GSES performed a very rudimentary study based on a uniform feeder in OpenDSS, a distribution network modelling program. It consisted of an 11 kV slack bus voltage source and an 11 kV to 400 V 3-phase transformer. All houses were modelled to have a 5kWPV system, with seasonal load profiles derived from real solar home data from Ausgrid. During times of net import, the household was modelled as a load, and during times of net export, the household was modelled as a negative load, or generator.
Figure 2: The test uniform feeder used in the OpenDSS model.
The curtailment of real power is theoretically the most effective way of reducing voltage in resistive networks, such as LV feeders, and this was confirmed by comparing the effects of volt-watt and volt-var mode. Nevertheless, when deployed individually, the voltage was not kept under the reference voltage at the end of the line. It was only when the two inverter modes were deployed together that the voltage was actually kept under the reference voltage. While the voltage was effectively controlled, the dual deployment means that the disadvantages of both methods are also experienced, namely the loss of excess solar energy and the increased overall reactive power demand, which can cause network strain and increase the demand from large scale fossil fuel generators.
Figure 3: Daily charge for customer without deployment of inverter control
Figure 4: Percent of daily flat tariff charge increase for each household along the line.
The houses furthest from the tap had the greatest increase.
Figure 5: Percent of daily time of use tariff charge increase for each household along the line.
The houses furthest from the tap had the greatest increase.
The effects of the inverter response across the line was stark.
It was determined that voltage control disproportionately affected customers that are the furthest away from the transformer. Due to these inverters detecting the highest line voltage, their curtailment of real power and absorption of reactive power was the greatest.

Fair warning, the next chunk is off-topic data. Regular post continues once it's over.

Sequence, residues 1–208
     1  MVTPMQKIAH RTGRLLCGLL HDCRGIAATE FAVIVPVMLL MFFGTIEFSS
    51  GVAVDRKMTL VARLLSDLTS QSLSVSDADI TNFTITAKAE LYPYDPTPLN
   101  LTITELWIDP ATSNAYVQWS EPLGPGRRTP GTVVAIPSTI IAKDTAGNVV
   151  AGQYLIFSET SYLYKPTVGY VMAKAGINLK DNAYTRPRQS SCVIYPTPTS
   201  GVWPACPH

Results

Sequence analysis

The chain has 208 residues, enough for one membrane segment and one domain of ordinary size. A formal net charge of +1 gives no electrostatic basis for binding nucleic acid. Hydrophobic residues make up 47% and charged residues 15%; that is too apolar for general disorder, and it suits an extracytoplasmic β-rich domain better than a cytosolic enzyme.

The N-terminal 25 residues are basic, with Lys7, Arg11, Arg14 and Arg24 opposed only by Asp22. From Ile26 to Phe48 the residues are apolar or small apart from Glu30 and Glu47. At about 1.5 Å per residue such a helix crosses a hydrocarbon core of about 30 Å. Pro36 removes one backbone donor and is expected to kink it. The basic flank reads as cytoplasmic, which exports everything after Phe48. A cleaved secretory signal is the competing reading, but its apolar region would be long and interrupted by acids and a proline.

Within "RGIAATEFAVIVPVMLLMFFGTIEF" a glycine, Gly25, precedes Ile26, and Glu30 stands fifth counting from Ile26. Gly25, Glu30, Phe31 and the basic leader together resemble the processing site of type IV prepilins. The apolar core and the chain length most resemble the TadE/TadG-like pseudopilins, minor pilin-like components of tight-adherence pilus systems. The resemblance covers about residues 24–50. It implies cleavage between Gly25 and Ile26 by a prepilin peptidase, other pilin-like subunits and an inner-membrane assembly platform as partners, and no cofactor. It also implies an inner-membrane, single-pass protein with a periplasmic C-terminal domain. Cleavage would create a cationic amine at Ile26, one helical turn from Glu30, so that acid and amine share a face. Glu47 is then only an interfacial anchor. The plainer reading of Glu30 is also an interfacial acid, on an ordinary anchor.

The customers with the most curtailment experienced the greatest increase on their daily electricity bill. Customers with a flat tariff can experience a bill 12% higher than their neighbours in autumn, 34% in summer and 94% in spring. Under the time of use (ToU) tariff, the differences are even more stark, with daily charges 21% more expensive for customers at the end of the line in autumn, 55% in summer and a whopping 372% in spring. That is an effective increase in daily charge of almost 5 times greater for the customer on the end of the uniform feeder.
Decisions about the future of the grid and standards and policy changes could more effectively incorporate the quantifiable financial impacts of inverter voltage control responses. Future work should focus on applying the concept of a financial analysis of inverter curtailment to model that is more representative of real conditions. Also, battery energy storage systems have immense potential to act like sponges in the grid, not only soaking up excess solar energy and deploying it in times of peak demand, but helping to regulate voltage in the network.
GSES provide preliminary and detailed PV system design services, as well as Nationally Recognised grid-connect and stand-alone PV system training. Contact us at +612 9024 5312 to start a conversation on how we can help you.